Facebook accedes to Vietnam’s request to step up local content restrictions

Photo by Joshua Hoehne on Unsplash

Facebook is restricting access to increasing amounts of content in Vietnam, a government official said on Thursday, as the Southeast Asian country ramps up a campaign to tighten access to the internet.

The social media platform is widely used in Vietnam where, despite sweeping economic reform and increasing openness to social change, the ruling Communist Party continues to censor media tightly and does not tolerate criticism.

“Facebook now meets 70 to 75% of the Vietnamese government’s requests, compared to around 30% earlier, information minister Nguyen Manh Hung said at a parliament meeting in Hanoi.

Hung was referring to government requests for Facebook restrictions, meaning a piece of content posted to the website which cannot be viewed in some countries because it is deemed to violate local laws.

Facebook said in May it had increased the amount of content to which it restricted access in Vietnam by over 500% in the second half of 2018.

Facebook did not immediately respond to a Reuters request for comment.

Vietnam has been tightening internet rules over the last few years, culminating in a cyber security law which came into effect in January and which requires companies like Facebook to set up local offices and store data in the country.

Hanoi has in the past accused the U.S. social media giant of violating local laws by allowing subversive comments to be published on its platform.

Google’s YouTube now meets 80%-85% of the government’s requests, up from 60% a year earlier, Hung told the meeting.

He also said that Vietnam has built a centre to monitor the content of news websites and social media platforms which can sort millions of data points into categories like “positive” and “negative”.

“The ratio of ‘negative’ information had been 30%, but now we’ve taken action that ratio has basically been brought to below 10%,” said Hung.

Separately, the information ministry has asked Facebook to disclose the identities of account users, initially in Hanoi, the capital, and Ho Chi Minh City, the country’s southern business hub, local media reported on Thursday.

Only authenticated accounts would be allowed to broadcast live video on the platform, the online newspaper VnExpress reported.

Nearly 10% of the 128 prisoners held in Vietnam for expressing dissenting views were jailed for posting anti-state comments on social media platforms such as Facebook, an Amnesty report said in May.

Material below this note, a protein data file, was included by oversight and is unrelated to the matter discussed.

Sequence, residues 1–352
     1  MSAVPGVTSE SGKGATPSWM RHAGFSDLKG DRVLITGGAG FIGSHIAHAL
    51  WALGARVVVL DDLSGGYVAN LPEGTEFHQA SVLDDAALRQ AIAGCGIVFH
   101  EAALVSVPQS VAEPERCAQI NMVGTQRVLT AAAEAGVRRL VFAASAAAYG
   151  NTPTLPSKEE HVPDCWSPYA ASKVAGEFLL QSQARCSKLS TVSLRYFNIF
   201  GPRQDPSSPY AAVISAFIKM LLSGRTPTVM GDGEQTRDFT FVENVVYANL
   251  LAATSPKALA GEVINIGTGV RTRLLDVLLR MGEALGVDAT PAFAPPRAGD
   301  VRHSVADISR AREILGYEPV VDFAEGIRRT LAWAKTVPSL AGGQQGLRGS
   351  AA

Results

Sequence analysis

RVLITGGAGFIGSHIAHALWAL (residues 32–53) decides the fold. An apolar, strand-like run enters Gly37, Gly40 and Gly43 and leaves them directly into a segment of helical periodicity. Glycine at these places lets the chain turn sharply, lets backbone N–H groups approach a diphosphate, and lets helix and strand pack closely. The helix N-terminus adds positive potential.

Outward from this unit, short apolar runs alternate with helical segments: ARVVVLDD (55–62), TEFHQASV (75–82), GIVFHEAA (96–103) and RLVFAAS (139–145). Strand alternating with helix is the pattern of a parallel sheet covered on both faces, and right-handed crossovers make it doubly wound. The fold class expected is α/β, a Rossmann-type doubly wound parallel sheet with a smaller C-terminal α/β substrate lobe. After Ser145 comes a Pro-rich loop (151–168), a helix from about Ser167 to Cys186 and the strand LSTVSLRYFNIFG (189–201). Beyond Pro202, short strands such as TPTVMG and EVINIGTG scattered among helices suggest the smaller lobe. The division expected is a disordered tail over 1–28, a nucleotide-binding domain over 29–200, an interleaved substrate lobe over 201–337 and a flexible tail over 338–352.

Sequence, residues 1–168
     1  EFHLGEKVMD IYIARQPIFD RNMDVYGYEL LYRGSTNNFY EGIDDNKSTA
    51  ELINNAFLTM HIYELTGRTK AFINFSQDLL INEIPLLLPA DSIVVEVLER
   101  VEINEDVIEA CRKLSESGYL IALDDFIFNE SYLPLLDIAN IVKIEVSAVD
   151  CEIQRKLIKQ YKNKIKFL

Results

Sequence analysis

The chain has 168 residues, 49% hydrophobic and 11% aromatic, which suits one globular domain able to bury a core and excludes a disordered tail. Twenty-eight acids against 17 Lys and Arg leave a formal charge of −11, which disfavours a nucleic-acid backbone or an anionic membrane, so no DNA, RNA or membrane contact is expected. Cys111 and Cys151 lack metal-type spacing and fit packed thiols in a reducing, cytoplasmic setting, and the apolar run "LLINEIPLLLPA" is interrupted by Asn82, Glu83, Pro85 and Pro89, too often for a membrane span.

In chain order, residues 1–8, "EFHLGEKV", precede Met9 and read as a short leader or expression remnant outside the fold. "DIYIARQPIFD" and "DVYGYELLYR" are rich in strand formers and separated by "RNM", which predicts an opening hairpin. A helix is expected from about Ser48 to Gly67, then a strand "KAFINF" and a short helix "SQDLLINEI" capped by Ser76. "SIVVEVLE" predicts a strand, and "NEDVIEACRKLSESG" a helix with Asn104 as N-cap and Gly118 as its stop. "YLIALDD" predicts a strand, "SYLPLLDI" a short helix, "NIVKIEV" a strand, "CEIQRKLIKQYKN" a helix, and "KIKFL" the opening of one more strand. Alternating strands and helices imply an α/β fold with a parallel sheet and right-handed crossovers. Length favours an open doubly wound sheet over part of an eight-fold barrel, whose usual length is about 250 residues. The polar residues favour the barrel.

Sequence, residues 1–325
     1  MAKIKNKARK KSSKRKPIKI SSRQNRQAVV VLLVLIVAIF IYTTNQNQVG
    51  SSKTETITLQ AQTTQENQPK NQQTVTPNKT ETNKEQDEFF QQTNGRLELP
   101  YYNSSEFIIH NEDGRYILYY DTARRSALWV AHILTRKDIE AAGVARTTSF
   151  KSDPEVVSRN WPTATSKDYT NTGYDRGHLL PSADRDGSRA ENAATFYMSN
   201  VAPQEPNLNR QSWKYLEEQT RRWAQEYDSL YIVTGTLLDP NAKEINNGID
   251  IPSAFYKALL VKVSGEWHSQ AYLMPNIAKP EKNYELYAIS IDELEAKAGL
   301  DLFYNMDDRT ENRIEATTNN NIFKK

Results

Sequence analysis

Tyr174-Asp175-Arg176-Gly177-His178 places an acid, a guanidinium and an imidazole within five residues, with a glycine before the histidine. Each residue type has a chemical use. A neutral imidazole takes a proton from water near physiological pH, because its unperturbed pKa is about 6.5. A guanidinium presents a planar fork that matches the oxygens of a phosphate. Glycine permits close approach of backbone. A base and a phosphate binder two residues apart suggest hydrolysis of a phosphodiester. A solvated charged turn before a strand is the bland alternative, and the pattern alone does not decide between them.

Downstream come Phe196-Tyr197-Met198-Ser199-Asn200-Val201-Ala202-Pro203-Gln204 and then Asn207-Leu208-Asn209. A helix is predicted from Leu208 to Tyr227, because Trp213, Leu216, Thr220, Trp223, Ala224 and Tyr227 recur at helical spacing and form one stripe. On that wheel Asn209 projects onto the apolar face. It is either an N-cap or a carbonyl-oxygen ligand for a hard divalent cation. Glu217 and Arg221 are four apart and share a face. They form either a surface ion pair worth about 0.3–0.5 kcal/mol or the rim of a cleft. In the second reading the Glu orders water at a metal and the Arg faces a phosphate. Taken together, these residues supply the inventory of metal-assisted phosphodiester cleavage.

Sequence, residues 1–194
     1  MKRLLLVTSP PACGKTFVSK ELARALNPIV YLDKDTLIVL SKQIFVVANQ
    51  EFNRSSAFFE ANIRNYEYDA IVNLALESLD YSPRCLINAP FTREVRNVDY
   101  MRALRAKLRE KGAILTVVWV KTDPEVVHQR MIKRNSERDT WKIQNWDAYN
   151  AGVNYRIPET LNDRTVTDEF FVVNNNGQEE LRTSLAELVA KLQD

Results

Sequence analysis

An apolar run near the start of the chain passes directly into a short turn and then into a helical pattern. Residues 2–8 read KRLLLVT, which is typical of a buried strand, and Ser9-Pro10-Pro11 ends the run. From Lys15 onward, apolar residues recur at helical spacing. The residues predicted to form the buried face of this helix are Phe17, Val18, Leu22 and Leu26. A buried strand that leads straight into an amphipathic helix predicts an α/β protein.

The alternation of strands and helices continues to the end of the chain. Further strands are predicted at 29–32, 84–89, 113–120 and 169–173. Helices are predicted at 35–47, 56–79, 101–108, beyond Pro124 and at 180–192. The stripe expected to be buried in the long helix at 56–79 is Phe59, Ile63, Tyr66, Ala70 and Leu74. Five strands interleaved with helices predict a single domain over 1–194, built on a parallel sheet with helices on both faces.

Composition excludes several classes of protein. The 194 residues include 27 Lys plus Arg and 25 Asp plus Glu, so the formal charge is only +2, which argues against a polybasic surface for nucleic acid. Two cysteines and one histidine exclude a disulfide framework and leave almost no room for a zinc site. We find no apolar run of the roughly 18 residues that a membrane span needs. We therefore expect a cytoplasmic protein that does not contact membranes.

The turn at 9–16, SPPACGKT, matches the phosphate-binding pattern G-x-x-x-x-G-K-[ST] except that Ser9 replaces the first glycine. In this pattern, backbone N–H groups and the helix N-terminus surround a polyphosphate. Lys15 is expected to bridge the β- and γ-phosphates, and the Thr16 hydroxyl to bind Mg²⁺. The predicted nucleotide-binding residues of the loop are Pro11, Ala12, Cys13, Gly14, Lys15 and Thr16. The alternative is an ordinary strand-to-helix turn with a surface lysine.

Reuters

Singapore Reporter/s

In Singapore, we are looking to double our reporting team by this year-end to comprehensively cover the fast-moving world of funded startups and VC, PE & M&A deals. We want reporters who can tell our readers what is really happening in these sectors and why it matters to markets, companies and consumers. The ability to write precisely and urgently is crucial for these roles. Ideal candidates must have to ability to work in a collaborative, dynamic, and fast-changing environment. We want our new hires to be digitally savvy and ready to experiment with new forms of storytelling. Most importantly, we are looking for hard-hitting reporters who work well in a team. Collaboration and collegiality are a must.

Following vacancies can be applied for (only in Singapore).

Following vacancies can be applied for (only in Singapore).   

  • A reporter to track companies/startups that have raised private capital, and have the potential to become unicorns. SEA currently has over 40 companies with a valuation of over $100 million and under $1 billion.
  • A reporter who can get behind the scenes and reveal how funding rounds are put together, or why they’ve failed to materialise. She/he in this role will largely focus on long-format stories. 
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Singapore Reporter/s

In Singapore, we are looking to double our reporting team by this year-end to comprehensively cover the fast-moving world of funded startups and VC, PE & M&A deals. We want reporters who can tell our readers what is really happening in these sectors and why it matters to markets, companies and consumers. The ability to write precisely and urgently is crucial for these roles. Ideal candidates must have to ability to work in a collaborative, dynamic, and fast-changing environment. We want our new hires to be digitally savvy and ready to experiment with new forms of storytelling. Most importantly, we are looking for hard-hitting reporters who work well in a team. Collaboration and collegiality are a must.

Following vacancies can be applied for (only in Singapore).

Following vacancies can be applied for (only in Singapore).   

  • A reporter to track companies/startups that have raised private capital, and have the potential to become unicorns. SEA currently has over 40 companies with a valuation of over $100 million and under $1 billion.
  • A reporter who can get behind the scenes and reveal how funding rounds are put together, or why they’ve failed to materialise. She/he in this role will largely focus on long-format stories. 
  • A journalist to track special situations funds, distressed debt and private credit (from the PE angle) across Asia.